In 2154 I work from an easy chair surrounded with holographic displays, a sensory input headset allowing me to interface with a neural net mainframe — a microcomp — in my pocket. My office is my home in a highrise in Pittsburgh, and I rarely need to step outside into the 130-degree day to do my job. I packed a case, zipped into an exposure suit and checked the external conditions as my apartment AI booked my flight and ordered me a cab. I had never been to Brazil, but apparently it was the only place the man with the story felt safe.

When the elevator took me to the roof of the tower, the day was raining out of a gray-yellow twilight. I waited under cover of the wide, parasol roof until a streamlined, sporty Checker Cab landed and pulled over to the rank, folding its quad rotors aside as a gullwing door went up. The cabbie was a cheerful sort who took my bag and made conversation as I slid in and closed the harness, and he chattered all the way to the Municipal Skyport, the 330-meter tower in the midst of the city where the liners tied up.

Three were in port, the kind of quarter-mile-long airships whose outer skins harvested light to drive their ducted impeller engines, a common enough sight these days. The cab dropped me at the Western Hemisphere Lines terminal. I was booked on the Andean Princess, bound for Buenos Aires via Denver, Carson City, Mexico City, Lima and Brazilia.

My ID was scanned by a robot. I was processed through with the others in line, received my stateroom ticket and settled in to spend the next hour watching the holofeeds in the lounge. New estimates had been calculated for the peak of the Thermal Event, which despite all measures taken in the last century still constituted catastrophic climate change; some modeling was projecting that global temperatures may begin to decline within a decade, but it was disputed.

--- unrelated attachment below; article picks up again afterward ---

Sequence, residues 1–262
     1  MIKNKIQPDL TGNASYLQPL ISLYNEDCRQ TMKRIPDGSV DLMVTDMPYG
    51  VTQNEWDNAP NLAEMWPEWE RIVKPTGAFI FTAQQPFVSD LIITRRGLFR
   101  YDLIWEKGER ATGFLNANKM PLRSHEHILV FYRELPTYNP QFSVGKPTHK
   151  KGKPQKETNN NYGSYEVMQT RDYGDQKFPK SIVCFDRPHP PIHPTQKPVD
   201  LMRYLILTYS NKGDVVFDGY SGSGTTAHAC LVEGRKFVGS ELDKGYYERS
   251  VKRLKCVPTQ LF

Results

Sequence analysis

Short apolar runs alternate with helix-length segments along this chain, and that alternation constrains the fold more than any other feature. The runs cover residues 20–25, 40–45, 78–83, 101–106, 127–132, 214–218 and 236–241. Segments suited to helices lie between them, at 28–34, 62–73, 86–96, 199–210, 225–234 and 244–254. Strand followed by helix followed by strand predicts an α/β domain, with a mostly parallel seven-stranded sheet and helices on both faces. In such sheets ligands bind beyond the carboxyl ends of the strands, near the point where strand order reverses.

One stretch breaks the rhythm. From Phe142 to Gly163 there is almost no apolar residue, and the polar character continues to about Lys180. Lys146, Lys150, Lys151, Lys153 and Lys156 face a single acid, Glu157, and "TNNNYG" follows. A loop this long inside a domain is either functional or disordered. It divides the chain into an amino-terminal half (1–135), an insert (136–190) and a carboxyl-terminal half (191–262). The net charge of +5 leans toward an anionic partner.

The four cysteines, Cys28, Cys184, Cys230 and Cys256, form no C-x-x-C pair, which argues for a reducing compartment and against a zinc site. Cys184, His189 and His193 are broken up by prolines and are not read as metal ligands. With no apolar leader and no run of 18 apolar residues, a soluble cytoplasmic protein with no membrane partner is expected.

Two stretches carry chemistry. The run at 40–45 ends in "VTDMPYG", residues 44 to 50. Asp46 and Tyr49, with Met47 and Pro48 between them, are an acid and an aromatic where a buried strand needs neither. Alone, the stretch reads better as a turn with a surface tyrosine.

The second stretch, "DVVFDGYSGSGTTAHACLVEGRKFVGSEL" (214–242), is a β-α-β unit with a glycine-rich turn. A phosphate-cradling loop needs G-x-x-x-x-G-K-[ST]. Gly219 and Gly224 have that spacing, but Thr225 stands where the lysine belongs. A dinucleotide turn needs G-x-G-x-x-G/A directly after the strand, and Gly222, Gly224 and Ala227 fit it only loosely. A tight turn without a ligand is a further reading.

Music played softly as people came and went, every color and shape of human being imaginable. Since the seas had drowned the coastal regions throughout the world, borders had meant less. The populations of low-lying nations and island states had been mostly absorbed into the rest of the world, and into the free-floating sea cities which had started to appear. Those vast structures had re-established sovereign rights to what had become potentially rich fishing banks in the open oceans, or would be once the genetic reseeding program was completed, gradually rebuilding the biosphere from stored genes; but that would not be attempted until we had knocked an average 1.5 degrees off global temperatures.

At the next story it seemed everyone in the lounge was on the edge of their seats. The Global Resettlement Program was always a cross between news and show business, and why not? Long beyond the range of two-way communications, the starship Max Planck would by now be orbiting the terrestrial planet optimistically named Eden in the system of 61 Virginis, a G-type star some 27.9 lightyears away. The planet was discovered a hundred-fifty years ago by deep-space imaging arrays. It was first explored twenty years ago by the Planck’s sister ship, the Albert Einstein, and promptly selected for colonization, though those plans had only gathered real momentum with the more recent development of quantum wormhole initiation. The story was on preparations for the Mass Departure: the building of the many Subway stations around the world. As people watched, many hands tapped at palmcoders and microcomps as people checked to see if their number had come up yet — had they been selected to go?

I kept my hands in my pockets. I would know soon enough if I had been chosen to be one of those whose job would be telling the story for posterity of the first colony beyond the solar system. It was an exciting prospect, but not without its risks. Though experiments without number had demonstrated the safety of the technology, doing it at interstellar scale was a whole new proposition. I was not immune to the thrilling prospect of stepping into the Subway station at this end, and an instant later, after my molecular structure had been disassembled, coded, transmitted through infraspace in the blink of an eye and reassembled with only the most infinitesimal degradation, stepping out on the surface of a whole new planet.